Published: March 2, 2012
"This judicial opinion now recognizes that computer-assisted review is an acceptable way to search for relevant ESI in appropriate cases."
Magistrate Judge Andrew Peck, of the U.S. District Court for the Southern District of New York made e-discovery headlines late February with the first judicial endorsement of predictive coding. I'll leave it to the legal eagles to debate the courtroom implications, but it's a significant stamp of approval from the bench.You can read more from LTN, Forbes, Chris Dale, and Recommind, whose Axcelerate software is involved in the case.
In practice, many people have already adopted predictive coding. So the interesting question to my mind is: how are we going to agree on using it (or misusing it)? Judge Peck stated further:
"The Court recognizes that computer-assisted review is not a magic, Staples-Easy-Button, solution appropriate for all cases. The technology exists and should be used where appropriate, but it is not a case of machine replacing humans: it is the process used and the interaction of man and machine that the courts needs to examine."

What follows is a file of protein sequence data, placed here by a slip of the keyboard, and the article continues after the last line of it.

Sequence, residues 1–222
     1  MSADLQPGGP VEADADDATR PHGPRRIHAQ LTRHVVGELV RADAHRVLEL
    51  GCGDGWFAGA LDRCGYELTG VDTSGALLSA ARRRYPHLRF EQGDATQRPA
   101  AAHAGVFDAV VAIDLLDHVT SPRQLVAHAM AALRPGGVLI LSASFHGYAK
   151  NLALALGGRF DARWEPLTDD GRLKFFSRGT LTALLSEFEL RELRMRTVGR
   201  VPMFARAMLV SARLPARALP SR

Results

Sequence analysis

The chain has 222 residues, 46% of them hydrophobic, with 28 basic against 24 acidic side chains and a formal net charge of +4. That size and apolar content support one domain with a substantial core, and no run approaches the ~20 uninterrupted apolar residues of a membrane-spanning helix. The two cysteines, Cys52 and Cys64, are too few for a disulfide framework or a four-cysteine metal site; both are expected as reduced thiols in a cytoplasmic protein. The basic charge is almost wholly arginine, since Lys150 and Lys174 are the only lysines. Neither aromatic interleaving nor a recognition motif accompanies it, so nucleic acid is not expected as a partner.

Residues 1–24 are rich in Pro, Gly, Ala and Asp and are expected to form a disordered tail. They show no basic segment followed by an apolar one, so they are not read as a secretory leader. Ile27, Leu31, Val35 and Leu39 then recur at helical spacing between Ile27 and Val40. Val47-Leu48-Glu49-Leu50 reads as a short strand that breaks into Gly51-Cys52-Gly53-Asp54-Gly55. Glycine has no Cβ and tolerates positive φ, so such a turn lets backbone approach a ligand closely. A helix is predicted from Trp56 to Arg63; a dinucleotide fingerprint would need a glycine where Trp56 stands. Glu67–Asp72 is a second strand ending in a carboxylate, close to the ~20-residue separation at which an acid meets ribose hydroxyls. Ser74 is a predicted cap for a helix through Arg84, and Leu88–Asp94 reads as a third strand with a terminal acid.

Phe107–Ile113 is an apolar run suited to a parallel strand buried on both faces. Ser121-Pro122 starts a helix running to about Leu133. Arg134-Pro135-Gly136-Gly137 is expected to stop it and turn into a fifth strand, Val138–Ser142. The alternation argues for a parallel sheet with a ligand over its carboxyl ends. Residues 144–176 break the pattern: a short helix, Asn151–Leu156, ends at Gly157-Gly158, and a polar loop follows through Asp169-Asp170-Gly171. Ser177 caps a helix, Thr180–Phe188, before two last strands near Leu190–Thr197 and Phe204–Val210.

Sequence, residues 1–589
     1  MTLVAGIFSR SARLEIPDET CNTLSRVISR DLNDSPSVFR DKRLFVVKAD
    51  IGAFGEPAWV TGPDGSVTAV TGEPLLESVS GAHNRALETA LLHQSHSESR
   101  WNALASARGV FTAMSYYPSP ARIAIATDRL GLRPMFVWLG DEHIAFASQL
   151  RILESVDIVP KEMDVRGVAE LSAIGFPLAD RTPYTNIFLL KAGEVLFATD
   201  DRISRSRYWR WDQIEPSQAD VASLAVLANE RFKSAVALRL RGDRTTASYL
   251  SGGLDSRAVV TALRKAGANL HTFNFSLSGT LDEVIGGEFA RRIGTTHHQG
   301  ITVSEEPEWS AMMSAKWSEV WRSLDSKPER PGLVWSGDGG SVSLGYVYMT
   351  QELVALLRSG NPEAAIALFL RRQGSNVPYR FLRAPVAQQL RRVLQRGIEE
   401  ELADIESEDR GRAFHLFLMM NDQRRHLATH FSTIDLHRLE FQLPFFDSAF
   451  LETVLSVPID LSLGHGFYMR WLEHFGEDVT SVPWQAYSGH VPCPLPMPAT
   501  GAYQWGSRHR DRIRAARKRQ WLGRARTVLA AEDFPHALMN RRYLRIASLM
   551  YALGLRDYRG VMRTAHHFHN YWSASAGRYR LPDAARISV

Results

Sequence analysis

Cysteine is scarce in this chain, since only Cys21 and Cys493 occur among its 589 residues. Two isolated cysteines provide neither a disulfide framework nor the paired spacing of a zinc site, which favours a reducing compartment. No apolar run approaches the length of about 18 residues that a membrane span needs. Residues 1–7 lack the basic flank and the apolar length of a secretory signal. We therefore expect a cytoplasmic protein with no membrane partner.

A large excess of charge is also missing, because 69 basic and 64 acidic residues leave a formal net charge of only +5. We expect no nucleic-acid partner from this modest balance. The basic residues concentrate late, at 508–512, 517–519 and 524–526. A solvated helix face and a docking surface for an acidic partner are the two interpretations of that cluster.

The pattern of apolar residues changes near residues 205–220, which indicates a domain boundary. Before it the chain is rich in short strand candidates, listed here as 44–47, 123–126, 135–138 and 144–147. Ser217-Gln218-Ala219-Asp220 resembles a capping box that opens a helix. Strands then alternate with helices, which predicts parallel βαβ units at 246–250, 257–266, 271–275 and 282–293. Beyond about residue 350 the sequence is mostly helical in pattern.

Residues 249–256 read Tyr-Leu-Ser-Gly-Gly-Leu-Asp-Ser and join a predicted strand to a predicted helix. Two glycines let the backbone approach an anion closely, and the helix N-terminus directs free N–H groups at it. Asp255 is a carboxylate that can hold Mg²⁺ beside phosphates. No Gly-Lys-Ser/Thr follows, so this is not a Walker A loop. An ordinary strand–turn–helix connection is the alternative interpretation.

Arguments between the parties involved bear this out. First, how to agree on how many responsive documents are produced? Early on, the defendant volunteered to produce the 40,000 most-responsive documents determined by the computer once trained - which was dismissed by Judge Peck as potentially eliminating too many responsive results.
The Court rejected MSL's 40,000 documents proposal as a "pig in a poke." (1/4/12 Conf. Tr. at 51-52.) The Court explained that "where [the] line will be drawn [as to review and production] is going to depend on what the statistics show for the results," since "[p]roportionality requires consideration of results as well as costs. And if stopping at 40,000 is going to leave a tremendous number of likely highly responsive documents unproduced, [MSL's proposed cutoff] doesn't work."
This led to further arguments on how to create a seed set to determine responsiveness, etc., much of which are detailed in the court documents if you're curious. It should disabuse anyone of the notion that predictive coding will relieve us of lawyers. Using it can require a lot of negotiation (and math) to agree on methods.
I've read a few industry arguments that this means predictive coding is too difficult or non-user-friendly - with which I disagree (depending on the tool). It's just not always easy to agree on terms in our adversarial court system, particularly in an early adoption phase. My hope is this opinion changes that for the better, or at least encourages parties to raise the bar and arrive more prepared. The benefits are there, and the genie's not going back in the bottle.
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